With an effort, he caught his whirling mind; and the shaky realization came that actually he was on the verge of madness. He said unsteadily:
"This is going to take a little time. I’ll have to carry them one by one to the cliff; and the law of averages says that I’ll strike the right one sooner or later. We won’t have to worry about her slipping away in between, because we know her horrible fear of the night. It’s only a matter of perseverance—"
His voice faltered the faintest bit; for suddenly the ghastly reality of what was here struck his inner consciousness. Some of the creatures sat on the bed, some on the floor; two stood, their arms around each other; and half of them were gibbering now in a fantastic caricature of terror. With a start, he grew aware of Joanna behind him.
She was pale, incredibly pale, for Joanna; and her voice, when she spoke, quavered ; she said:
"The trouble with you, Craig, is that you’re not practical. You want to do physical things like throwing her onto the rocks at the bottom of the cliff, or burning her. It proves that even yet your basic intellect doesn’t believe in her. Or you’d know what to do."
She had been pressing against him, staring wide-eyed over his shoulder at that whimpering, terrified crew. Now, before he could realize her intention, she slipped under his arm, and was into the room.
Her shoulder bumped him slightly as she passed, and threw him off balance. It was only for a moment, but when he could look again, eight squalling crones had Joanna surrounded.
He had a brief glimpse of her distorted face. Six gnarled hands were clawing to open her mouth; a tangle of desperate old women’s hands were clutching at her arms and her legs, trying to hold her flailing, furious body.
And they were succeeding! That was the terrifying reality that drove him into the midst of that brew of old women with battering fists—and pulled Joanna clear.
Immense anger grew out of his fear. "You silly fool!" he raged. "Don’t you realize it must be after midnight?"
Then, with an abrupt, fuller realization that she had actually been attacked, piercingly:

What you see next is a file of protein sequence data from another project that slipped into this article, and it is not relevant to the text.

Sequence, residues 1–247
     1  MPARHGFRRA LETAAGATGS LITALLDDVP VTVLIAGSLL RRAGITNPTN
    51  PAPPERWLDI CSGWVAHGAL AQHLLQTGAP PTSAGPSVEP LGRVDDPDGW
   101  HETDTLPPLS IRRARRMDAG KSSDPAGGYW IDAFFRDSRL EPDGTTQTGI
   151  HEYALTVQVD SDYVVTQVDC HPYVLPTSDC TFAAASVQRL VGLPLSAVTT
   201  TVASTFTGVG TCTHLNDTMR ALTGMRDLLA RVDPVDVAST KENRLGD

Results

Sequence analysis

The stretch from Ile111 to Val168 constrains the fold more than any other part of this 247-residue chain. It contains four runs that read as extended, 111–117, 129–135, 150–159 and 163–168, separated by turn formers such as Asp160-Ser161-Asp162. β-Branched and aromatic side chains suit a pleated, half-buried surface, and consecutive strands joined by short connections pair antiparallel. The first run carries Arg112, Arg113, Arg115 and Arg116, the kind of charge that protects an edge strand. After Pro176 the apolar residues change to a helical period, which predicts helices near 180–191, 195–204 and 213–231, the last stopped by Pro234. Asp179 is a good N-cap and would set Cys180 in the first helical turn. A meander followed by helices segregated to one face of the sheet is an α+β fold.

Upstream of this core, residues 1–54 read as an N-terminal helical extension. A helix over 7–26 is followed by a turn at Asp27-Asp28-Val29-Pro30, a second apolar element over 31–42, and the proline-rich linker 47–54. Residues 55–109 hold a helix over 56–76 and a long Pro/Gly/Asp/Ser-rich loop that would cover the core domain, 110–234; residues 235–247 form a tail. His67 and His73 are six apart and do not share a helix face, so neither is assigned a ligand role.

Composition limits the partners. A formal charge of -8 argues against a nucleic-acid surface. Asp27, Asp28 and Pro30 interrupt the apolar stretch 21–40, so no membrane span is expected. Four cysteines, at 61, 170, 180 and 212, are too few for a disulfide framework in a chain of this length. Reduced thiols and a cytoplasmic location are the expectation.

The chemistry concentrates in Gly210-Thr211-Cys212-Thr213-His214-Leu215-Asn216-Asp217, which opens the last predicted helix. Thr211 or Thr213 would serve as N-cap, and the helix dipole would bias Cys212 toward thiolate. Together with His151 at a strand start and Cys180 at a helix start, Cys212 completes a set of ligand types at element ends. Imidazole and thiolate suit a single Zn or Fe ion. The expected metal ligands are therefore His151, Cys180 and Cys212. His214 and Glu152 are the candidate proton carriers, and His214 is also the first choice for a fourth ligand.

"Are you all right?"
"Yes." Shakily. "Yes."
But she would have said that too. He glared at her with mad eyes, as if by the sheer intensity of his gaze, he would see through her face into her brain. She must have seen his terrible thought in his straining countenance, for she cried:
"Don’t you see, darling? The blinds, the windows—pull them up. That’s what I intended to do. Let in the night; let in the things she fears. If she exists, then so must they. Don’t you see?"
He took Joanna with him, kicking at the creatures with his fists and his feet, with a grim, merciless ferocity. He tore the blind from its hooks; one thrust of his foot smashed the whole lower pane of the window. And then, back at the door, they waited.
Waited!
There was a whisper of water splattering on the window sill. A shape without shape silhouetted abnormally against the blue black sky beyond the window. And then, the water was on the floor, trickling from a misty shape that seemed to walk. A voice sighed, or was it a thought:
"You nearly fooled us, Niyasha, with that false burial. We lost sight of you for months. But we knew that only by the sea and from the sea could your old body draw the strength for the change. We watched, as we have so long for so many of the traitors; and so at last you answer the justice of the ancient waters."
There was no sound but the sibilation of water trickling. The old women were silent as stones; and they sat like birds fascinated by snakes. And suddenly, the images were gone, snuffed out. One fragile, lonely-looking old woman sat on the floor directly in the path of the mist-thing. Almost primly, she gathered her skirts about her.
The mist enveloped her form. She was lifted into it, then instantly dropped. Swiftly, the mist retreated to the window. It was gone. The old woman lay flat on her back, eyes open and staring; her mouth open, too, unprettily.
That was the over-all effect—the utter lack of anything beautiful.

THE END